Bhubing Palace Chiang Mai Thailand
'The Winter Residence Of The Thai Royal Family'

The Bhubing Palace of Chiang Mai Thailand is located in the Doi Buak Ha, Muang district, and is famous among Thai people because it is the place where the Thai royal residence is nestled within the mountains known as Doi Suthep.

This unique complex of royal buildings known as Bhubing Palace  attracts thousands of visitors each year and was specifically built back in 1961 as a  winter residence for the Thai royal family.  The residence was constructed within Thailand's beautiful Doi Suthep National Park in order to take advantage of the cool fresh mountain air and the abundance of nature provided by this region.  The palace and the national park are conveniently situated only 15 kilometres from the popular holiday city of Chiang Mai.

CONSTRUCTION

The complex of buildings including the main residence are said to have been designed and constructed using a style of Thai architecture known as Ruen Mu (meaning group of houses).

The palace which took over 5 months to construct was designed to incorporate an upper floor level as the primary royal residence, and a lower level which houses all overseas delegates and dignitaries.

Indeed, the first visitors to stay at Bhubing were King Frederick IX and Queen Ingrid of Denmark who arrived at the palace in January of 1962.

Today, the palace is still utilised by the present King of Thailand Bhumibol Adulyadej (i.e. Rama IX), and the Thai Royal Family.  They are are said to be in residence between the months of January to March when this attraction is closed to the general public.

Just outside of the palace grounds is a small village which seems to cater to the tourist trade by selling food and drinks along with a variety of souvenirs, clothes, jewelry, and other handicrafts.   In 1964, the king's mother, Somedet Phra Srinagarindra Boromarajajonani (1900-1995) is said to have visited the same village while on her first trip to Bhubing Palace. 

Noting the poverty that existed among these hill tribes, at the age of 64 years she took on a new role as patron and began to encourage and support the local community to improve their standard of living.  She also commenced an association and love for the newly constructed Bhubing winter palace which she was to visit up until her death.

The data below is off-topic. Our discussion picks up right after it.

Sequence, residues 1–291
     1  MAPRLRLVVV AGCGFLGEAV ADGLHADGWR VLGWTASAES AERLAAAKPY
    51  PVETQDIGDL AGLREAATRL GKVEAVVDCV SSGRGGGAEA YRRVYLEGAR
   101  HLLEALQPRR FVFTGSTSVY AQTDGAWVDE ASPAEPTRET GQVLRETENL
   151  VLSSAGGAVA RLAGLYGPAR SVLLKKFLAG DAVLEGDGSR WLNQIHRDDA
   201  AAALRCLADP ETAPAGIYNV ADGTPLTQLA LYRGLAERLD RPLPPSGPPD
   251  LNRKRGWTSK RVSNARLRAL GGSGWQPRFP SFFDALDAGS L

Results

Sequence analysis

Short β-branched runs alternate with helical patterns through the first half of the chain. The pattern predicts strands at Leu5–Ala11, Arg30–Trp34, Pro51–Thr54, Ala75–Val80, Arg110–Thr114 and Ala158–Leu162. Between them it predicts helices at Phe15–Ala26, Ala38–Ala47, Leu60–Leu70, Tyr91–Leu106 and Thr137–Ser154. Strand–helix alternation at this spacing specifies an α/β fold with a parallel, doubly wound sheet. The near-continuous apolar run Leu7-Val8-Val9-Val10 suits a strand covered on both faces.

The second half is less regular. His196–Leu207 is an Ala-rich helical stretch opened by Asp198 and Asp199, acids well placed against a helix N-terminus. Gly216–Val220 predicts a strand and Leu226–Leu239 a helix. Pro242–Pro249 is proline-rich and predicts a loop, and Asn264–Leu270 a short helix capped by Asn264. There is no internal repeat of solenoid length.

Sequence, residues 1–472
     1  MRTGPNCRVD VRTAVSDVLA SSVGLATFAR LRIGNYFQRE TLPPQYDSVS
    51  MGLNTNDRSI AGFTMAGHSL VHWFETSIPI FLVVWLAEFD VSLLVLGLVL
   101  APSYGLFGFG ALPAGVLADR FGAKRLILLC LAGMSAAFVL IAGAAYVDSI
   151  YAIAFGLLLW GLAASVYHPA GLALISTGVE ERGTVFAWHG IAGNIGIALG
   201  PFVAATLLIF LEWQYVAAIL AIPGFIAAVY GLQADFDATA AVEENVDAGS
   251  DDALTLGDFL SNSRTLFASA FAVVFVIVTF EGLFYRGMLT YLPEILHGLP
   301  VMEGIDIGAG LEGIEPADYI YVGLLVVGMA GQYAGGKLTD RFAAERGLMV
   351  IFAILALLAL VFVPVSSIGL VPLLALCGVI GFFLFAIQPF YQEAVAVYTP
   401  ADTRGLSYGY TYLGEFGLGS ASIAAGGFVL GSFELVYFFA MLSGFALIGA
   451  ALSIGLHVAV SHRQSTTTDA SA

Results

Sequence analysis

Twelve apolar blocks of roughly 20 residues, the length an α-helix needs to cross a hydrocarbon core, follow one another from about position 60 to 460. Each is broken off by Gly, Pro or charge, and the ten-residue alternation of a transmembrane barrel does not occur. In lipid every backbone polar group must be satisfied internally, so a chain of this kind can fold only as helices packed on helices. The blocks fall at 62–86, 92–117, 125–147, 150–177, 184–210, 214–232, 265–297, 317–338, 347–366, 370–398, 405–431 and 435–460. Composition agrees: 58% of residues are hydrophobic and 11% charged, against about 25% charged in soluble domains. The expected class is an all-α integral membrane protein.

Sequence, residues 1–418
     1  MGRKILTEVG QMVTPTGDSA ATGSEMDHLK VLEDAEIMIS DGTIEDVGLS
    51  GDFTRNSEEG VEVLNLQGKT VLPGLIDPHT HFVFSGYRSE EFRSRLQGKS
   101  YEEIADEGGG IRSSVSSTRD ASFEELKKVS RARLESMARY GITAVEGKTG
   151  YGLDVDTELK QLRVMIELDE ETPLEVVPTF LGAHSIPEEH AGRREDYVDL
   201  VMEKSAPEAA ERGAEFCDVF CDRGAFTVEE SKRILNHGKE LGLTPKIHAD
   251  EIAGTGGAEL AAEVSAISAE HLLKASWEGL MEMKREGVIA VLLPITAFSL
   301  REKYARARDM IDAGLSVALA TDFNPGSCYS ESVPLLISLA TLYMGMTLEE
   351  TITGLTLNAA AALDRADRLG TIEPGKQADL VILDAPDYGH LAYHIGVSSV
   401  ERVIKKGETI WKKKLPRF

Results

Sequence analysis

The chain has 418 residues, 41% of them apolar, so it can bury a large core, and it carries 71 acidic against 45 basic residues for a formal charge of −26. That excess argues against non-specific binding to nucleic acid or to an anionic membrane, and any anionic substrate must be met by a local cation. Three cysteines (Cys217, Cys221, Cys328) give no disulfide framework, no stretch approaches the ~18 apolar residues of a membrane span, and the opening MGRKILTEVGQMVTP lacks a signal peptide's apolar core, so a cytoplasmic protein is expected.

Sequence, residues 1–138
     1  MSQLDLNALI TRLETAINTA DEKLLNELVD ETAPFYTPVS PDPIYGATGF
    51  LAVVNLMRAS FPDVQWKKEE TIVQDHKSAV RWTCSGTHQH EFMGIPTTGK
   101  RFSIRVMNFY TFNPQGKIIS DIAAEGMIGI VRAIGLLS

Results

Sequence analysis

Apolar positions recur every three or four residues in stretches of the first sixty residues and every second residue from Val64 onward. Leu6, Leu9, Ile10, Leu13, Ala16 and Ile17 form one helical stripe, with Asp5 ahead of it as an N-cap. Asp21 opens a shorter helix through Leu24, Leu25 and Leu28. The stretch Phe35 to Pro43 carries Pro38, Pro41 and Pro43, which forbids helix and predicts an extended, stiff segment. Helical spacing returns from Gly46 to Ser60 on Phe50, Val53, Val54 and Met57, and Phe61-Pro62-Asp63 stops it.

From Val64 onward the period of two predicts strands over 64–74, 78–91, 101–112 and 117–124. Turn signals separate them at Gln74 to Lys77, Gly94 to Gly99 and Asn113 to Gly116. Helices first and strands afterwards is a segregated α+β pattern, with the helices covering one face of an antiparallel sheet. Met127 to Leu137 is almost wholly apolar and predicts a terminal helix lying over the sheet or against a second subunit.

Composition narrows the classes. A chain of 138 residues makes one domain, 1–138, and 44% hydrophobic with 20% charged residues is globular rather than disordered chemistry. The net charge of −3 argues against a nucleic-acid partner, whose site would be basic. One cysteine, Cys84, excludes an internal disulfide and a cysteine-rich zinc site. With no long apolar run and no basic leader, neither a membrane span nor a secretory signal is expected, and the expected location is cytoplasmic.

The grounds that surround the main residence, guesthouse and royal pavilion are about 2 kilometres in size and have been beautifully landscaped within the hilly environment and are kept in immaculate condition.   They are beautified by the establishment of various gardens and shrubberies including orchids, roses (which are quite famous) and fern gardens, manicured lawns, nature walk ways and water features such as ponds and fountains.  

GETTING THERE

The best way to travel to Bhubing Palace is by taking either a bus tour or taxi from Chiang Mai city which is only about 25 minutes away.  The palace is open to the public between 8.30 AM and 3.30 PM each day when the Thai royal family are not in residence. A strict dress code does apply to all people who wish to visit this site, so modest clothing should be worn by both men and women.  There is a 50 baht entrance fee for foreigners.

The best way to travel to Chiang Mai province is by plane, bus, or train. A number of domestic airlines including Nok Air and Thai Airways have daily flights to Chiang Mai's International Airport departing from Bangkok. Flight time is approximately 1 hour.

Air-conditioned buses depart daily from Bangkok's Northern Bus Terminal (at Mo Chit on Kamphaengphet 2 Road) and the journey takes approximately 11 hours.

Trains to Chiang Mai depart from Bangkok's Hualamphong Station daily with the journey taking approximately 12 hours.

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